The neighbourhood manager, Ross Spanner, was to contact officers “regarding concerns with investment, monitoring and animal welfare”. The Salford Star understands that his response to the follow up meeting of the Committee last week was deemed unacceptable and investigations are ongoing.
The Salford Star asked Kay Johnson Gee Corporate Recovery Ltd, which is handling the affairs of the dissolved Biospheric Foundation CIC, why there were no asset values in the company and for what Salford Council is owed £46,893. The promised response from Kay Johnson Gee never arrived.
Vincent Walsh has set up a new company (incorporated June 2015) called Biospheric Studio Limited, of which he is sole director. The company currently has an aquaponic installation at Manchester Museum, commissioned for £15,000… `The first ecological system within a museum setting…The ecological hub will visually demonstrate and highlight the array of possibilities of developing technological and ecological systems within the built environment’ etc…
The Salford Star understands that Vincent is still based at the Urban Splash building in Blackfriars and that the roof garden is functioning. Yesterday the derelict forest garden was being hastily cleaned up. Meanwhile, the mess that’s left in the community can’t be obliterated that easily…
Graham Cooper, a community activist and youth worker with Oliver’s Youth Club , challenged the handing over of £300,000 of public money to the Biospheric Project from day one…
“People from the community complained and no-one from the Council listened” he says “This story totally validates my challenge going back to 2013 when the Mayor dished out £300,00 for a six week project connected to this organisation, so we could understand how to sell posh mushrooms to shops in Chorlton. I still fail to see the sustainability of this project for the community or the added value, or any benefit for the community in Salford.
“I got fobbed off because it was a one of the Mayor’s pet projects” he argues “It’s this new mindset of the Labour councillors coming on like they’re in Chorlton when, in actual fact, it’s Salford. Their silence at the moment is golden. I can understand why the Government is critical of local authorities’ spend when over half a million pounds has been wasted on this.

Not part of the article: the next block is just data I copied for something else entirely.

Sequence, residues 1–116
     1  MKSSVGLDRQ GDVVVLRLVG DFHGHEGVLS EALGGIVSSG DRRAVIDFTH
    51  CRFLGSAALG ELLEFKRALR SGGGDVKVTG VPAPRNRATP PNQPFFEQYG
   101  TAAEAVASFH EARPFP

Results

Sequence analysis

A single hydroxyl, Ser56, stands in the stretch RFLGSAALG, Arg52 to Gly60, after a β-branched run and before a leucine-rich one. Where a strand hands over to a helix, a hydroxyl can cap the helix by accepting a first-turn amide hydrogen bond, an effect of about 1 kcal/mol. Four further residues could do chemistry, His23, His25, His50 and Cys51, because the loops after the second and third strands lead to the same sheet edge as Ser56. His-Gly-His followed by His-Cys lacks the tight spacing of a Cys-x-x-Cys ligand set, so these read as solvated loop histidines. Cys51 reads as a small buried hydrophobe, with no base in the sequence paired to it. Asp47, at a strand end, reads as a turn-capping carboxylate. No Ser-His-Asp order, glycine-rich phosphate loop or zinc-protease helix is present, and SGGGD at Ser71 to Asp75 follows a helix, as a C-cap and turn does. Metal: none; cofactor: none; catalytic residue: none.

“At the time of making cuts to our youth provision and other public services they gave the Biospheric all this money” he adds “We’ve had no funding from Salford Council for over five years. We grow citizens and got nowt, while our Mayor invested in growing mushrooms. That just about sums up our Mayor.”
The Salford Star contacted Vincent Walsh with the following questions but he never responded…
1) Why does the company have no assets – where have all the fish, chickens and equipment gone? 2) For what do you owe the Council over £46k? It can’t all be business rates, can it? 3) What is the future of the building in Salford? Has it shut down completely? 4) What legacy is there in Salford from the project? 5) Is it ethical to bust a CIC company and then start up again almost straight away?
The Star also asked him if he would like to comment on the Salford Involved gym equipment heist, the missing report on the Irwell Valley Sustainable Communities grant, the volunteers’ experiences, and the agenda item at the East Salford Community Committee meeting.
* The full breakdown of the £105,266 debts owed to companies is… Salford City Council £46,893 (in five separate amounts); British Gas £18,996; Queen’s University Belfast £30,000; BT £291; Beever and Struthers £1; Organic North Wholesalers £1,436; United Utilities £1,024; Vincent Walsh (director’s loan) £6,622
This doesn’t surprise me. I complained to the Manchester Museum about the aquaponics system being tantamount to animal cruelty. It was overstocked (from a fish-keeper’s point of view – I have goldfish and tropical fish of several varieties) and the fish had no enrichment, just a bare tank. They agreed to make some slight changes – removing a couple of fish and putting in some rocks – but I haven’t been back to check as in my opinion this wasn’t enough. But it was obvious I wasn’t going to get any further with my arguments about it basically being factory farming.
Thanks for the info. Sigh.